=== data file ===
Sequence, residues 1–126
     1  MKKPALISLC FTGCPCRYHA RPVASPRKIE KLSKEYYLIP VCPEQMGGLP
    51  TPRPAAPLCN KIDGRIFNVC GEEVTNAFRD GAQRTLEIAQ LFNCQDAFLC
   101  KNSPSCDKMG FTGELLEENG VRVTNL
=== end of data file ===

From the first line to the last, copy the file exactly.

Sequence, residues 1–126
     1  MKKPALISLC FTGCPCRYHA RPVASPRKIE KLSKEYYLIP VCPEQMGGLP
    51  TPRPAAPLCN KIDGRIFNVC GEEVTNAFRD GAQRTLEIAQ LFNCQDAFLC
   101  KNSPSCDKMG FTGELLEENG VRVTNL